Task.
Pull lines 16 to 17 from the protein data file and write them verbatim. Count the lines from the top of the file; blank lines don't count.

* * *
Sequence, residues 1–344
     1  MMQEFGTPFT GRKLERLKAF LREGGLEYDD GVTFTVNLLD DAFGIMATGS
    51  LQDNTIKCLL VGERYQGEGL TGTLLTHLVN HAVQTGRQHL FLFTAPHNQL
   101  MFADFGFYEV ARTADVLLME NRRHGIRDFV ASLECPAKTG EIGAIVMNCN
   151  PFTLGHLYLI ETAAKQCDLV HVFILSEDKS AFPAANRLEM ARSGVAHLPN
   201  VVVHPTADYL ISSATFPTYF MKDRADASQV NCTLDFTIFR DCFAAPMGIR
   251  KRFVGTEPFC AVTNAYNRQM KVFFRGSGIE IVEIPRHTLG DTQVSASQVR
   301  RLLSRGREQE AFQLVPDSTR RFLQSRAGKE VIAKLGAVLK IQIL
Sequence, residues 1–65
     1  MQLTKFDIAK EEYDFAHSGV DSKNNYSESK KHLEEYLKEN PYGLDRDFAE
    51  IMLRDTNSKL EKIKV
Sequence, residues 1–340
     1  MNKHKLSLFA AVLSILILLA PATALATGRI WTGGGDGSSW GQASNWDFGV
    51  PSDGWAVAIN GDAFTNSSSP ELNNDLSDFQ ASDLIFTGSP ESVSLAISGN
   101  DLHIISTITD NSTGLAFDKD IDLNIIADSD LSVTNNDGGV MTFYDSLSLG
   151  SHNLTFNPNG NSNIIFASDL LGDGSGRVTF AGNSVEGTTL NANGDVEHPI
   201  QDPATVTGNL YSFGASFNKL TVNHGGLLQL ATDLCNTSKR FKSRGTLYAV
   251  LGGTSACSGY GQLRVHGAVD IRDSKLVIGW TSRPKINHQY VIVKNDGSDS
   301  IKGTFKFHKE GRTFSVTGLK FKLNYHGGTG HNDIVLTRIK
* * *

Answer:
   151  SHNLTFNPNG NSNIIFASDL LGDGSGRVTF AGNSVEGTTL NANGDVEHPI
   201  QDPATVTGNL YSFGASFNKL TVNHGGLLQL ATDLCNTSKR FKSRGTLYAV